Last time I was in California, I went to a museum in Palo Alto, where I’m from, the Museum of American Heritage. To be honest, I was mainly there to see a Lego display, but my wife and I went through the museum, which turned out to be very nice indeed. One of the displays was this film footage of San Francisco, shot by sticking a camera on the front of a cable car in 1906, only days before an earthquake levelled large areas of the city.

Same location, shortly afterward.
Same location, shortly afterward.

So anyway, an interesting historical snapshot, not just because of the earthquake but because of the period, one where cars are only just beginning to displace horses on the streets of an American city.

Something I love finding in history is the introduction of things that are now totally commonplace. Consider this 1936 promo for parking meters:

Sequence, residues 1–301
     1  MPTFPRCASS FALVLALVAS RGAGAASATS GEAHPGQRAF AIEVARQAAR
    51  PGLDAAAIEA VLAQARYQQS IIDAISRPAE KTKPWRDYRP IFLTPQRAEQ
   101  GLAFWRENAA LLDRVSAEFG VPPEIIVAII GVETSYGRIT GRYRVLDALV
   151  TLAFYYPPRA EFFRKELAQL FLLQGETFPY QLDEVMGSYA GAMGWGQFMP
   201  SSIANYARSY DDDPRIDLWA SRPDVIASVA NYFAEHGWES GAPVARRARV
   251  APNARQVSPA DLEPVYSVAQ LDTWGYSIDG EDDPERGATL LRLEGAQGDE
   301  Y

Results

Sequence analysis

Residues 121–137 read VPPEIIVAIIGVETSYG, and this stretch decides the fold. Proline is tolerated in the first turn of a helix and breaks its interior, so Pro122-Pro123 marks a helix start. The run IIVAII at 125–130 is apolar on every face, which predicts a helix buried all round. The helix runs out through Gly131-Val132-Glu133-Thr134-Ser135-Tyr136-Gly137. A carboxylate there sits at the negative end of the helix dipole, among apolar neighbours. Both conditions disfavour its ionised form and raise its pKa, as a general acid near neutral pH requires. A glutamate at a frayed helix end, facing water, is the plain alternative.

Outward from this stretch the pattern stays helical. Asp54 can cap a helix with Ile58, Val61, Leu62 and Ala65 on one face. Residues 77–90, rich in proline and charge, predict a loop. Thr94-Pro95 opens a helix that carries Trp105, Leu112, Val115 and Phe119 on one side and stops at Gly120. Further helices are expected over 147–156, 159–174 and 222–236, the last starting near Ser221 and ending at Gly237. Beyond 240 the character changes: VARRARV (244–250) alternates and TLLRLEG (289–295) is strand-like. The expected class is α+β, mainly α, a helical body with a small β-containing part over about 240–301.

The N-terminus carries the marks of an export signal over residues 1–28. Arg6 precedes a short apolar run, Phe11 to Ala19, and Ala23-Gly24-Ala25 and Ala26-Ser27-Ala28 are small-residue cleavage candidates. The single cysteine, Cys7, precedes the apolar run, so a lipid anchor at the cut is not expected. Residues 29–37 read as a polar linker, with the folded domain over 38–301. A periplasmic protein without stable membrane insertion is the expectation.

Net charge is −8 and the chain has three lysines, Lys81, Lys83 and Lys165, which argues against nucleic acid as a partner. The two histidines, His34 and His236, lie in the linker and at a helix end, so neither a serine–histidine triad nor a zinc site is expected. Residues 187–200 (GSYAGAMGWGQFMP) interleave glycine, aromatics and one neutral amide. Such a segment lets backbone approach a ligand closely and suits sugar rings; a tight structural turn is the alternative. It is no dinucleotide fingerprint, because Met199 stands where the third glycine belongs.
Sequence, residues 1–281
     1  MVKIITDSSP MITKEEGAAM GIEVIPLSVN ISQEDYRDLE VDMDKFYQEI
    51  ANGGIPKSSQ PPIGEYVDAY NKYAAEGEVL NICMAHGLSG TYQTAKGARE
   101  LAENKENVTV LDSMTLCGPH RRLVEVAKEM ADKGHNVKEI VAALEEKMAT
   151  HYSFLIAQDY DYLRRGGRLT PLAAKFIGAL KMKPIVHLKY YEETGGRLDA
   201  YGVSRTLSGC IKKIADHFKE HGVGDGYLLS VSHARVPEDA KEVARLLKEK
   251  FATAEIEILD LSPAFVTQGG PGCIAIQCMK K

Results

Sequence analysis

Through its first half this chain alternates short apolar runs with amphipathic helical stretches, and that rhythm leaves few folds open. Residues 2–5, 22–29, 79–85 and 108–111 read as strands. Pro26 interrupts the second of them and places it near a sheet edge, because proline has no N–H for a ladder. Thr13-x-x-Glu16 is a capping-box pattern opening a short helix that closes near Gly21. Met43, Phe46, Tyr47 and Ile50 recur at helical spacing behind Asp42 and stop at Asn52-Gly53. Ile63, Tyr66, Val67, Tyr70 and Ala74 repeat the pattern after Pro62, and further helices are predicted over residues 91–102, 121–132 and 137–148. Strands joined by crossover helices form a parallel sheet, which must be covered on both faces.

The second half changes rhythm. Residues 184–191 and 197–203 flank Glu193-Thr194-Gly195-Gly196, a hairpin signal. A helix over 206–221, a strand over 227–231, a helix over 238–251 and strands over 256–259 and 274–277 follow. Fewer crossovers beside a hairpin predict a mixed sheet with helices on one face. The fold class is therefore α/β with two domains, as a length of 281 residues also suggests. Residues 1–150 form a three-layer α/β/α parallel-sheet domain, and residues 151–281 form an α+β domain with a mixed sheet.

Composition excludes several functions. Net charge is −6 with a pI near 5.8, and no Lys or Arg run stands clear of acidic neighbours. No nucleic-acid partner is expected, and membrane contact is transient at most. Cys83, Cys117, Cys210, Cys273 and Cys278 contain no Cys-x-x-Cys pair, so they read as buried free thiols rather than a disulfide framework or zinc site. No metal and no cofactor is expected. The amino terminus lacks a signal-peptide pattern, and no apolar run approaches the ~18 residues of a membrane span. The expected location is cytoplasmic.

I think the thing that’s most interesting about this is that it’s phrased as if it were a commercial — it sounds like an ad, even though it’s not selling anything. I wonder if that’s to do with the fact that it’s introducing something that people tend to think of as a nuisance. Also, “no nickel, no parky!” reminds us that you can’t really ever really guarantee a historical American experience will be missing some casual racism.

Speaking of things that ape other types of media presentation, check out this … whatever it is … telling Christians about how to get ready for the Rapture. It’s really interesting, in this day and age of “oh, people don’t really believe that, and by claiming they do you’re making fun of them, you bully” to see someone straight up endorsing the sudden-disappearance model of the Rapture.

I was going to post up some WW2 propaganda videos, but the Youtube comments sections were really depressing.

Movie Monday: Short films!